Format

Send to

Choose Destination
Disabil Rehabil. 2014;36(19):1588-93. doi: 10.3109/09638288.2013.854841. Epub 2013 Nov 18.

Prevalence of joint contractures and muscle weakness in people with multiple sclerosis.

Author information

1
Neuroscience Research Australia , Sydney , Australia.

Abstract

OBJECTIVES:

To investigate the prevalence of joint contracture (limited passive range of joint motion) and muscle weakness in a population with multiple sclerosis (MS). A secondary aim was to establish normative data of functional tests of mobility and balance of people with MS who are still ambulant.

DESIGN:

Cross-sectional study.

SETTING:

People with MS living in metropolitan Sydney, Australia.

PARTICIPANTS:

330 people with MS living in metropolitan Sydney, Australia were randomly sampled on 23 July 2009 from the MS Australia register and invited to participate.

MAIN OUTCOME MEASURES:

Passive range of motion of large joints of the limbs and muscle strength. Tests of walking and balance were also conducted.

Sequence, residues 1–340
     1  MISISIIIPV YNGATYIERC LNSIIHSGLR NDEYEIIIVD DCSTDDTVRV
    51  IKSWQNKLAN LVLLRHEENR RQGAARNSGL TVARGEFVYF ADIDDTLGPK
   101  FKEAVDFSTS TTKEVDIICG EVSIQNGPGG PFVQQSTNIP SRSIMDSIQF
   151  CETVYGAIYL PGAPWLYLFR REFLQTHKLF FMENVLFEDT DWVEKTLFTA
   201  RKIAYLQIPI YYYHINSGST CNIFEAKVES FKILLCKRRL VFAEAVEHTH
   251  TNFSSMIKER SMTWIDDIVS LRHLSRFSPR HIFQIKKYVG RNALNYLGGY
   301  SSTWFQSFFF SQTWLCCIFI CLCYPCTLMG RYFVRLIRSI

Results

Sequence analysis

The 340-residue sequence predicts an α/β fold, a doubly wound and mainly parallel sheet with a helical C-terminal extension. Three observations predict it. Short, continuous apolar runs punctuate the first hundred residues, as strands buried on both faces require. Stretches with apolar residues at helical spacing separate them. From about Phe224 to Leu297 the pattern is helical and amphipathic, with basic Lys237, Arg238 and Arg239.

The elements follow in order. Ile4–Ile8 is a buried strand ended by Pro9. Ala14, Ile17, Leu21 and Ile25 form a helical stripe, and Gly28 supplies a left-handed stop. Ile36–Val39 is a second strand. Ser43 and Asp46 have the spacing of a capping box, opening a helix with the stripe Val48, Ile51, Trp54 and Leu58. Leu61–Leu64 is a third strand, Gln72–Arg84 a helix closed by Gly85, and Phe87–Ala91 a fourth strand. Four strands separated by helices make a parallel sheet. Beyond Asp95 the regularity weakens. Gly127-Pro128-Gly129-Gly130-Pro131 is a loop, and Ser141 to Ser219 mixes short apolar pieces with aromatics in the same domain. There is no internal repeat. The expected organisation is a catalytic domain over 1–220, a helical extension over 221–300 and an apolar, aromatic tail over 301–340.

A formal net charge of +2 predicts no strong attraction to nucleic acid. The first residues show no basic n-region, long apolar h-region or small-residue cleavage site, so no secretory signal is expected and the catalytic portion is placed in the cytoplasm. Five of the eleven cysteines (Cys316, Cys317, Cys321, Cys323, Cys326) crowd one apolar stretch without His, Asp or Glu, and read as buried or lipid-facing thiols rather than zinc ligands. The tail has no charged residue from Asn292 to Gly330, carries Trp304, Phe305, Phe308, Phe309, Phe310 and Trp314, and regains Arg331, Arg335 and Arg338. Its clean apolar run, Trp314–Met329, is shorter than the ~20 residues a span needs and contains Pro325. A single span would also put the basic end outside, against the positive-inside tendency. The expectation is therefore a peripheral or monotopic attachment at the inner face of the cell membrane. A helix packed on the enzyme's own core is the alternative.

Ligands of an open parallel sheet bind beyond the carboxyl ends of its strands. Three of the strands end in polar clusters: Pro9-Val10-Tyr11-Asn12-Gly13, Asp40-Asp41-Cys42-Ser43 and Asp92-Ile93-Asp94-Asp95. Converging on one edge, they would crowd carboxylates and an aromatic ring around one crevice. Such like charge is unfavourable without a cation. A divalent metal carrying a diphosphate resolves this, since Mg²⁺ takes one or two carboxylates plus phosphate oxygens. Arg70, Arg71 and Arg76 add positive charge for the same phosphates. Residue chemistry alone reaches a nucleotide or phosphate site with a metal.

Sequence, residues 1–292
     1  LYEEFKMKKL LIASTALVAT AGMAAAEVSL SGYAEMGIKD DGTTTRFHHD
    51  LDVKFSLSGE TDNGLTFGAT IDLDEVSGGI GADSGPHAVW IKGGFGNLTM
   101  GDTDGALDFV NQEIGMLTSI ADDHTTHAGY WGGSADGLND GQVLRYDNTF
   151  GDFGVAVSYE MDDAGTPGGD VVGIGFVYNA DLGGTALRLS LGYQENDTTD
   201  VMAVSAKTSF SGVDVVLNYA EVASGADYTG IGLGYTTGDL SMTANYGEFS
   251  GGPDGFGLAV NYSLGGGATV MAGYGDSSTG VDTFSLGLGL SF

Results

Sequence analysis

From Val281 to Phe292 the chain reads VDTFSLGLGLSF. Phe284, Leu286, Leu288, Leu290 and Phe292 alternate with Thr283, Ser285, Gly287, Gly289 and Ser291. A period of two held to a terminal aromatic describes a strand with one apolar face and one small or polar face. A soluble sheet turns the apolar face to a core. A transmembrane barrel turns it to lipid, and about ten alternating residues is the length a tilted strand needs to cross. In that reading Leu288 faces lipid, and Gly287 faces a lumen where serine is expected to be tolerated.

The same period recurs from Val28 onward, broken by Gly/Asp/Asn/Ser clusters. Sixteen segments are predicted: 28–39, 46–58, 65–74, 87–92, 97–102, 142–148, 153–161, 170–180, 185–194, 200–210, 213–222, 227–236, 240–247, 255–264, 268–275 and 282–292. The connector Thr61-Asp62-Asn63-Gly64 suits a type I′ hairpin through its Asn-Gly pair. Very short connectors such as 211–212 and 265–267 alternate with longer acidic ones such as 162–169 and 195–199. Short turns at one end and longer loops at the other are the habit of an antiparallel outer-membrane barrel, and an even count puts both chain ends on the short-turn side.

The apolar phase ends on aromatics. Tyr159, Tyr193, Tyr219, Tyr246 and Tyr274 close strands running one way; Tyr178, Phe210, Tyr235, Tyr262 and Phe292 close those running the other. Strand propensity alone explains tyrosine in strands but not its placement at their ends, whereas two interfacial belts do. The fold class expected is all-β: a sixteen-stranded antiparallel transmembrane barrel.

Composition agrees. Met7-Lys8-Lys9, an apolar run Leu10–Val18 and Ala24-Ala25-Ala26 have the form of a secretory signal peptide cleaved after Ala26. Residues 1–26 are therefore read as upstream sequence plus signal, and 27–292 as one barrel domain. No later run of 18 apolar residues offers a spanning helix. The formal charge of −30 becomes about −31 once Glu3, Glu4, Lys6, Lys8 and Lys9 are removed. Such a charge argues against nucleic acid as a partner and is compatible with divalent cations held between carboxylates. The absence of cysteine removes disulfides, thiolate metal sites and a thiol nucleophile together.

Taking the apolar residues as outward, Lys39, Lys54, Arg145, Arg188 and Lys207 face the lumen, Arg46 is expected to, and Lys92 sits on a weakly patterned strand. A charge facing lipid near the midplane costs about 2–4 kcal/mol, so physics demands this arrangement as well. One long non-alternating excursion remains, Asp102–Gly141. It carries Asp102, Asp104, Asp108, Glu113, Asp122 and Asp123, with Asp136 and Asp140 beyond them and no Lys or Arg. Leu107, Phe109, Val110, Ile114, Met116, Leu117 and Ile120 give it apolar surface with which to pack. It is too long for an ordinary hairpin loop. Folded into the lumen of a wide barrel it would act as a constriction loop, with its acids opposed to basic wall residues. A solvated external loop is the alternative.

RESULTS:

156 people (109 females, 47 males; mean age 54.2 years; mean time since diagnosis 14.9 years) agreed to participate and were assessed. Fifty-six per cent (56%) of participants had contracture in at least one major joint of upper or lower limb. The most common site of contracture was the ankle (43.9%). Seventy per cent (70%) of participants had muscle weakness in one or more muscle groups. As muscle weakness, joint contractures were present at early stage of MS and the prevalence was associated with the progression of the disease.

CONCLUSIONS:

These data show that in addition to muscle weakness joint contractures are highly prevalent among people with MS, especially in the ankle joint. This implicates that prevention of contracture is crucial in providing rehabilitation to people with MS.

KEYWORDS:

Joint contractures; multiple sclerosis; muscle weakness; prevalence

PMID:
24236496
DOI:
10.3109/09638288.2013.854841
[Indexed for MEDLINE]

Supplemental Content

Full text links

Icon for Taylor & Francis
Loading ...
Support Center